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Military News

Two Fort Hood victims have Tampa Bay ties

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Published:   |   Updated: April 4, 2014 at 08:46 PM

The Tampa area, home to an Air Force base with two major combatant commands, has another connection to the military, this one tragic.

Two of the three victims of a short, deadly rampage at Fort Hood on Wednesday had ties to the Bay area.

One victim grew up in Polk County, a popular, well-respected athlete. Another, from Puerto Rico, was planning on retiring from the military and had a father and three brothers living in Tampa, according to media reports.

The Fort Hood killing spree hit home for Mulberry High School Friday morning, as assistant principal Lori Leverett got on the intercom system and asked for a moment of silence to honor Daniel Ferguson, 39, a former student gunned down Wednesday at the sprawling Texas military base. And CNN is reporting that another victim, Army Sgt. Carlos A. Lazaney Rodriguez, 38, has a father and three brothers living in Tampa. Rodriguez is originally from Aguadilla, Puerto Rico.

“Many of you are aware of the senseless tragedy of the Fort Hood shooting in Texas this week,” assistant principal Lori Leverett said she told students this morning. “It was confirmed late last night that one of the victims was Sgt. 1st Class Daniel Ferguson. Daniel Ferguson was a 1993 graduate of Mulberry High School. Many of our teachers may have taught him and several of our teachers went to school with him.”

Leverett said that she told students Ferguson “is being called the hero of Fort Hood. It was he who stood to block the gunman from entering a crowded room where he would have killed many more people.”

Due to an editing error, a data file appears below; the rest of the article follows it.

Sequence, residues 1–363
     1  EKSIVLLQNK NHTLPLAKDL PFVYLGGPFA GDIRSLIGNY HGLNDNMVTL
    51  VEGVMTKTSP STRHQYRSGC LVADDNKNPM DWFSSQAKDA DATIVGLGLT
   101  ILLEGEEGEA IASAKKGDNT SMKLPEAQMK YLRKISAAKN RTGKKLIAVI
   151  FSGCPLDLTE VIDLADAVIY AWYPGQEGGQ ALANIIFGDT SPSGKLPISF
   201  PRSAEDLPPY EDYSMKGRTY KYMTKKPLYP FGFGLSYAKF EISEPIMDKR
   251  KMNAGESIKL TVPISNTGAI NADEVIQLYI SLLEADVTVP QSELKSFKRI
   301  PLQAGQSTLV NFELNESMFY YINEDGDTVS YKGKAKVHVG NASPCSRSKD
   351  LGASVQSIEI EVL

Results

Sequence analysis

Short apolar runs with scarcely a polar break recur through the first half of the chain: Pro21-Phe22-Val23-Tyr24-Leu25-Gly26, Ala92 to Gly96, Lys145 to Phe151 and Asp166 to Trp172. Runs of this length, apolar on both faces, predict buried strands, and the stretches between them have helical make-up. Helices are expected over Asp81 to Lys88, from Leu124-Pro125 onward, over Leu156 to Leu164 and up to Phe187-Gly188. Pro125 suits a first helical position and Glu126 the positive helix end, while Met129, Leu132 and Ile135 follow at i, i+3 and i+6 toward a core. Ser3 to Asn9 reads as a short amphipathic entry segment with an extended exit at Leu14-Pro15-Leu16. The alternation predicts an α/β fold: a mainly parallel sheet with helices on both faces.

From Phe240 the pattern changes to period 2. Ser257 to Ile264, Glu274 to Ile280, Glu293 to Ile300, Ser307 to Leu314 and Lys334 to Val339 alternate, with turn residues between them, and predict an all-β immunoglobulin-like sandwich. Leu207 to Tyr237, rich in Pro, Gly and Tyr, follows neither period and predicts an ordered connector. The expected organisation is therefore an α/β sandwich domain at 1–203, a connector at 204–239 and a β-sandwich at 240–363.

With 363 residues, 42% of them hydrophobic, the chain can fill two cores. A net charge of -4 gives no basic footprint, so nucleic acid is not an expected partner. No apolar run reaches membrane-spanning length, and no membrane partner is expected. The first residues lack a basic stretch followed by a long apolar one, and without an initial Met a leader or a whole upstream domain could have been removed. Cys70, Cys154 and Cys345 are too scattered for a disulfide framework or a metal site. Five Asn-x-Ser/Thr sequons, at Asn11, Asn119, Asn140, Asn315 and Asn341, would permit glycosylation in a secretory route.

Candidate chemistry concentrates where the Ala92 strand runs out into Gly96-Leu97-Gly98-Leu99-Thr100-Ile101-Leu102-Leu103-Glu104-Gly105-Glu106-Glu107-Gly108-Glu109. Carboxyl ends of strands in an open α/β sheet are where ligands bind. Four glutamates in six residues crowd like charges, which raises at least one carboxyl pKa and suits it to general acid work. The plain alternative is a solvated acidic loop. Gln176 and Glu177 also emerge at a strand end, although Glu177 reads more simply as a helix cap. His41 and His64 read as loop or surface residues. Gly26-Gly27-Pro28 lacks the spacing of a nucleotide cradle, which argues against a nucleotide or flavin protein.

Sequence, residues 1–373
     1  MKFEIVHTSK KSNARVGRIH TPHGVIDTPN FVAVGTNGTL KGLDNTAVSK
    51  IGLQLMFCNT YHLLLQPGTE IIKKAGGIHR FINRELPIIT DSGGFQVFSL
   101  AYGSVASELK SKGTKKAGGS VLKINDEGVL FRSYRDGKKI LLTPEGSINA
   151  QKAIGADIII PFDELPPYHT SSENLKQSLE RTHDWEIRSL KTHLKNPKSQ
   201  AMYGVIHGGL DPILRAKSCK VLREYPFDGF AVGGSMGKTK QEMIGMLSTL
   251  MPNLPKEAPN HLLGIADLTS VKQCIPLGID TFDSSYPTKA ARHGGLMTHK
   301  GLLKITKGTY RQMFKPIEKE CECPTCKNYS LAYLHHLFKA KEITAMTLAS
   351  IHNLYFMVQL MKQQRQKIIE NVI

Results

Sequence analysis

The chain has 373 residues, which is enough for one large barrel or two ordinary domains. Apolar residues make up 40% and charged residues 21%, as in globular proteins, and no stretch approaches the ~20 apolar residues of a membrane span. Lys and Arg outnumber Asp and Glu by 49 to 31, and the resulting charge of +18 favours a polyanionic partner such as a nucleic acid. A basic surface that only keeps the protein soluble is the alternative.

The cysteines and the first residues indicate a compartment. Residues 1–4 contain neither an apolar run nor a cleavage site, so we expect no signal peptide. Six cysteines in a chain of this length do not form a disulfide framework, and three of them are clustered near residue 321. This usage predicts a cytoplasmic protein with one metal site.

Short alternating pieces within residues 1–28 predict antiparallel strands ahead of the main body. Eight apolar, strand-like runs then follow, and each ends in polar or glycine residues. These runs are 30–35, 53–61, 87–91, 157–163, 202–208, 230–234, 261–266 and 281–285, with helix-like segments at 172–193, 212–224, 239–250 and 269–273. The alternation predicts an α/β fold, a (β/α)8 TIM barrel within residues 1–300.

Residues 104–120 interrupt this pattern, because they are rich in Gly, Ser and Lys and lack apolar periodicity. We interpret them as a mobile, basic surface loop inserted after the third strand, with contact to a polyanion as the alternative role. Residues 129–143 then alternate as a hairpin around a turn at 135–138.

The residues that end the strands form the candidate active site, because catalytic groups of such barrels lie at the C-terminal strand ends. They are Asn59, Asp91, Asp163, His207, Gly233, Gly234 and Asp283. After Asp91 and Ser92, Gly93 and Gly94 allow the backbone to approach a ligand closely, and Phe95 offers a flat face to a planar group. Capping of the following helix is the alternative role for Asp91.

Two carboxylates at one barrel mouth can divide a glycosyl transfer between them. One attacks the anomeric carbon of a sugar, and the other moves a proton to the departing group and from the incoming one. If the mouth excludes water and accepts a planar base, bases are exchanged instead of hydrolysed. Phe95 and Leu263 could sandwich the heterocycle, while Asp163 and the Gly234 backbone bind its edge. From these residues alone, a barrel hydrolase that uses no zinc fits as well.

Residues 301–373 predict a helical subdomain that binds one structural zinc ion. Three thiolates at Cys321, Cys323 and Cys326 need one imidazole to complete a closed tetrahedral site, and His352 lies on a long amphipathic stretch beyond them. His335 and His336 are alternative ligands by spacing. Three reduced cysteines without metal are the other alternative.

Leverett said she was using information gleaned from an interview WTSP-TV did Thursday with Kristen Haley, a soldier, who told the station she was Ferguson’s fianceé and that Ferguson had recently returned from Afghanistan.

“He held that door shut because it wouldn’t lock,” Haley told the television station. “It seems the doors would be bullet proof, but apparently they’re not,” Haley explained. “If he wasn’t the one standing there holding those doors closed, that shooter would have been able to get through and shoot everyone else.”

At a Friday afternoon press conference at Fort Hood, Army Lt. Gen. Mark Milley, the base commander, named all three victims. A third soldier, Sgt. Timothy Wayne Owens, 37 of Effington, Ill., was also killed. Milley declined to answer any questions about specific acts of heroism during the short period of time Army Spc. Ivan Lopez began firing at his fellow soldiers. The killing spree took place in buildings and as Lopez was driving across the base, following some kind of verbal altercation, said Christopher Grey, a spokesman for the base criminal investigation division.

When confronted by an MP, Lopez put his gun to his head and killed himself, Grey said.

Ferguson’s family still lives in the Mulberry area, but “has no comment and would ask that everyone please respect their privacy during this difficult time,” according to Mark Howell, who is acting as a family spokesman. There was nobody home at a Tampa house records show is owned by Rodriguez’s relatives. A neighbor said they have asked for their privacy as well.

Efforts to reach Haley were unsuccessful.